Sun | Sep 24, 2017

Letter of the Day: Pro-prostitution push institutionalises abuse

Published:Tuesday | April 5, 2016 | 4:00 AM

THE EDITOR, Sir:

According to your report of Wednesday March 30, 2016, "some business stakeholders in Negril, Westmoreland, want to see prostitution decriminalised and regulated ". I have some questions for those business owners. Which of them would be proud to tell others of how well their daughter is doing as a prostitute? Why do we want for others that which we do not want for ourselves?

One thing leads to another, so in Germany some years ago, it was ruled that an applicant for unemployment benefits could not get same as she had not tried the job of prostitution. (http://www.telegraph.co.uk/news/worldnews/europe/germany/1482371/If-you-...)

Aren't we concerned about the abuse that our women face as they sell their bodies? According to Janice G. Raymond, professor emerita, University of Massachusetts, Amherst and Coalition Against Trafficking in Women: "The majority of women in prostitution come from marginalised groups with a history of sexual abuse, drug and alcohol dependencies, poverty or financial disadvantage, lack of education and histories of other vulnerabilities. A large number of women in prostitution are pimped and drawn into the sex industry at an early age.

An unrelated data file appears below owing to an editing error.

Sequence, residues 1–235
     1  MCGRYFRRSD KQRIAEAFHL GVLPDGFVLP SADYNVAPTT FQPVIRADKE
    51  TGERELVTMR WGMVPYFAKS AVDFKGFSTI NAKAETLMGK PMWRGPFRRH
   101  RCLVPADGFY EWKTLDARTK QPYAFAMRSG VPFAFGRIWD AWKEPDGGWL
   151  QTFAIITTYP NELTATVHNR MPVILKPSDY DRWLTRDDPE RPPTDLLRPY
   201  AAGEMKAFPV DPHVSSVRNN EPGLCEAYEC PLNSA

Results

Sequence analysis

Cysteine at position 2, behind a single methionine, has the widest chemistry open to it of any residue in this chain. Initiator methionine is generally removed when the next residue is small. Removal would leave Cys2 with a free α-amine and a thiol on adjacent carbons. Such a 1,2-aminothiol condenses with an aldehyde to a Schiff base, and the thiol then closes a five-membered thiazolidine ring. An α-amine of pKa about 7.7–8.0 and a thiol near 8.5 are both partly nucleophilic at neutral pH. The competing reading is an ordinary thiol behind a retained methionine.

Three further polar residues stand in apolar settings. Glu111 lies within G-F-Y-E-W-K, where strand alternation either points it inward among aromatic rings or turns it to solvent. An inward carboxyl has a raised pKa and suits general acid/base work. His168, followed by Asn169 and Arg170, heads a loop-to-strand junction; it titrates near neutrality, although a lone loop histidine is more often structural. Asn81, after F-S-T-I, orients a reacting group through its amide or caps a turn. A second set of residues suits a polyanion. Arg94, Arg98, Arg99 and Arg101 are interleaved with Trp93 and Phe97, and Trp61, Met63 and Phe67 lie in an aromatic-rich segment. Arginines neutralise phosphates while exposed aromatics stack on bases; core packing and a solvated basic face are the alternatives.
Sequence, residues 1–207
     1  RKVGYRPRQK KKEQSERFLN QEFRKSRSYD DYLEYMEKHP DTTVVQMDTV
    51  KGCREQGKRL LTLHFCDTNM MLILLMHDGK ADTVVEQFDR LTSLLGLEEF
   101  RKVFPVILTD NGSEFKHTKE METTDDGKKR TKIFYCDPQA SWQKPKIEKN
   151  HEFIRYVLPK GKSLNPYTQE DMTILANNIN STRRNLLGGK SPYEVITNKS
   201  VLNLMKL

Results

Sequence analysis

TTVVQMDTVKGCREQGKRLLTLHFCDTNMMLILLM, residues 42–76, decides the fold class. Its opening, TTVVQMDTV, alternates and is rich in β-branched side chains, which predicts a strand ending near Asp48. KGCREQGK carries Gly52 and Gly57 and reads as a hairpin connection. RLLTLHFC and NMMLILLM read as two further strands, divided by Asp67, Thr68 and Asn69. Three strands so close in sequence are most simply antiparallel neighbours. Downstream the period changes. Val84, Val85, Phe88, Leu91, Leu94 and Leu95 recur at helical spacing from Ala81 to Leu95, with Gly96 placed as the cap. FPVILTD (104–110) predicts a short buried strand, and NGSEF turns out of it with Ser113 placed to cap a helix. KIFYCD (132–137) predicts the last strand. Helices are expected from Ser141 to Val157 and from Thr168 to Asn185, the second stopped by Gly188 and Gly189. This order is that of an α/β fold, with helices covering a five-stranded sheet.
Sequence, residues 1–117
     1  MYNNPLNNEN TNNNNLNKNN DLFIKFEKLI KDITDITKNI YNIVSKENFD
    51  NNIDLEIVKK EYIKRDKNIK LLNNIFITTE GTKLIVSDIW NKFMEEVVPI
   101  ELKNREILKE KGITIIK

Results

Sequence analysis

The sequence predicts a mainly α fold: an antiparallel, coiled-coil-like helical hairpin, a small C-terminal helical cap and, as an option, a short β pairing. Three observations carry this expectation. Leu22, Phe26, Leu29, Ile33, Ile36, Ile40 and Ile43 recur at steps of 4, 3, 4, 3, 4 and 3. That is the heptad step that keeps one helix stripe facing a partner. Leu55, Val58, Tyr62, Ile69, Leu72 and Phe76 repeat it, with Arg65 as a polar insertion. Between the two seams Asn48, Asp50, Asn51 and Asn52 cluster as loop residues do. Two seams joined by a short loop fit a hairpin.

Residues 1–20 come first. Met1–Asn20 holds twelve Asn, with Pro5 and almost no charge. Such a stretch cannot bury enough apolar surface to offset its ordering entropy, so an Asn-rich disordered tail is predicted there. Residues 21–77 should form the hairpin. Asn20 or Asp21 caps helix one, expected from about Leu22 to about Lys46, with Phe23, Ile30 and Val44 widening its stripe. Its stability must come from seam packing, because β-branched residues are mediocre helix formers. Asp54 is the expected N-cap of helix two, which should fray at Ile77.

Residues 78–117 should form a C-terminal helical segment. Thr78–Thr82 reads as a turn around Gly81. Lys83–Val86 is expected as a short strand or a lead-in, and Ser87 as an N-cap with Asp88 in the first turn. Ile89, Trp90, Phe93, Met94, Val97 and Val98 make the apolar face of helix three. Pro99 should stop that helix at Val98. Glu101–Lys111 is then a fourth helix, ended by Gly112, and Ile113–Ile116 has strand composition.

"These are women whose lives will not change for the better if prostitution is decriminalised. Many have entrenched problems that are best addressed not by keeping women in prostitution but in establishing programmes where women can be provided with an exit strategy and the services that they need to regain their lost lives. Furthermore, there is no evidence that in countries that have decriminalised or legalised prostitution, things are better for women in prostitution, or that trafficking and other crimes are reduced."

Decriminalisation of prostitution will institutionalise the abuse of our women under the guise of legality. The operations of brothels are an example of the strong taking advantage of the weak and vulnerable.

Before we hustle down the road of amending or passing laws that may seem to solve one problem but actually create far greater ones, let us, together with Negril Chamber of Commerce, be actively involved in finding solutions to lift our women and also our men, from these activities which destroy the body, soul and dignity of the human being.

SHIRLEY RICHARDS

sprichards@cwjamaica.com